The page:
In August 2016, the Office of Inspector General (OIG) found that the Food and Drug Administration (FDA) did not have an efficient and effective food recall initiation process that helps ensure the safety of the nation’s food supply. Specifically, FDA did not have policies and procedures to ensure that firms or responsible parties initiated voluntary food recalls promptly.

Today, FDA Commissioner Scott Gottlieb announced improvements in the recall process.  According to Dr. Gottlieb, “the OIG reviewed a selective sample of 30 food recalls initiated from 2012 to 2015, including some very challenging ones, which occurred over this 3-year period.”

Gottlieb noted that the FDA does have mandatory recall authority, but allowed that “often the fastest and most efficient way to ensure unsafe foods are recalled quickly is by working directly with the involved companies while simultaneously providing the public with timely, accurate information that they can act on.”  On the significant step, which has been advocated by consumer groups for some time:

The FDA is examining in what situations it can help consumers get information about the stores and food service locations that may have sold or distributed a potentially unsafe, recalled food, and what company may have supplied the product. “If we’re able to disclose this information, consumers would have an easier time knowing if they might have or have been, exposed to a recalled product that could cause potential risks if it were consumed,’ the commissioner said.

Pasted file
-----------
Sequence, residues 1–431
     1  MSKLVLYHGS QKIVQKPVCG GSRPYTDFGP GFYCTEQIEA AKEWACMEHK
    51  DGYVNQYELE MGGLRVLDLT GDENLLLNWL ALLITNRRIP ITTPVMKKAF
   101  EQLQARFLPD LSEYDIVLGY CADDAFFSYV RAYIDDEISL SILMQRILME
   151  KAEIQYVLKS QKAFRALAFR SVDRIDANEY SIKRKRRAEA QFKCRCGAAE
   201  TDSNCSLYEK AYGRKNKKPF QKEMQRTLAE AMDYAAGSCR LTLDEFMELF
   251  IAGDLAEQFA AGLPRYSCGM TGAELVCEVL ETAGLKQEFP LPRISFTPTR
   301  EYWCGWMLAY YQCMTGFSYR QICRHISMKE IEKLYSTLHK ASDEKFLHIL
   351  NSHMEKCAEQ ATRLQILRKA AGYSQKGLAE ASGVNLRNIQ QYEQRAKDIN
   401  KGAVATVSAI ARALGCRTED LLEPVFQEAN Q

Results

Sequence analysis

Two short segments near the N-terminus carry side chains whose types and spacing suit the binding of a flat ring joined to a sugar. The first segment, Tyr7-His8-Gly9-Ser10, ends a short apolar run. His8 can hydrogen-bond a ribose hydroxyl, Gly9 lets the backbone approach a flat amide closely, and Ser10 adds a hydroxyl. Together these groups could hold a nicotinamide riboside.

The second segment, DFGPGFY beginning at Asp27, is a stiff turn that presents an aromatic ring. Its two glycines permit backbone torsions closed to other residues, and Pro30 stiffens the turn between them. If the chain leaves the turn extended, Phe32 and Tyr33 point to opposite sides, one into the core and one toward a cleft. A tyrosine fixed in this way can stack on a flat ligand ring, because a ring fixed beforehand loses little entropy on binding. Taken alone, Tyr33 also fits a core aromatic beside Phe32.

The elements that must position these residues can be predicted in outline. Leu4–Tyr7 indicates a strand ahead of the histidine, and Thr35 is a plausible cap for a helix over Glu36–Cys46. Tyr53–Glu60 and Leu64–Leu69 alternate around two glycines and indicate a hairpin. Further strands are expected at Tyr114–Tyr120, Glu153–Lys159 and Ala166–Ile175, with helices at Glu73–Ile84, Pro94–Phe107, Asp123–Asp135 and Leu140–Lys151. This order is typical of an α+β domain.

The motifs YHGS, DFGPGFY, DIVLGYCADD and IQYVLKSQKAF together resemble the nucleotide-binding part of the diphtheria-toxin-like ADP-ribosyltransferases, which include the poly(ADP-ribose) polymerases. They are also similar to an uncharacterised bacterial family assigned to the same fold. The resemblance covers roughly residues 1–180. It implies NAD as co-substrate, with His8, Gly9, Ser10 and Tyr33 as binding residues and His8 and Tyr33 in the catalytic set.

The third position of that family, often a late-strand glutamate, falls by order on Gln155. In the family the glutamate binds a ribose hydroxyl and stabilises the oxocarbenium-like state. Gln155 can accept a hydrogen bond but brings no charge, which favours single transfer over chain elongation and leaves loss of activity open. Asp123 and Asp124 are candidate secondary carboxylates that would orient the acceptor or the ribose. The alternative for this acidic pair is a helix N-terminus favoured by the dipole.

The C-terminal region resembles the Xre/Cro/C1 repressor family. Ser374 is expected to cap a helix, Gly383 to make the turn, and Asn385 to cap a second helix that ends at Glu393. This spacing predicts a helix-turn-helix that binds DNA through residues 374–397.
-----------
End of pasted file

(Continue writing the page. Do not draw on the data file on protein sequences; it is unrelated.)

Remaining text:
In addition, in April of 2017 a team of FDA senior leaders, called the SCORE team (which stands for “Strategic Coordinated Oversight of Recall Execution”) were gathered.  In Gottlieb’s view, the Score team has made recalls quicker in the following situations:

  • Lead contamination of a dietary supplement,
  • Salmonella contamination of powdered milk,
  • E. coli O157: H7 in soy nut butter, and
  • Listeria in hummus, soft cheese, and smoked fish.
Scott Gottlieb

The SCORE team also “initiated or helped to expedite the process for suspending the registration of two food facilities, actions that block the facilities’ ability to distribute food to the marketplace.”

Further, the Score team in 2017 “developed a new strategic plan that outlines actions to improve FDA’s recall management.” According to Gottlieb, the plan helps to standardize how the FDA assesses a company’s recall efforts and provides additional training to our staff involved in recall efforts so they can properly monitor and assess the effectiveness of a recall.

Finally, the commissioner announced that in 2018 the FDA will take additional policy steps “as part of a broader action plan to improve our oversight of food safety and how we implement the recall process.”

(To sign up for a free subscription to Food Safety News, click here.)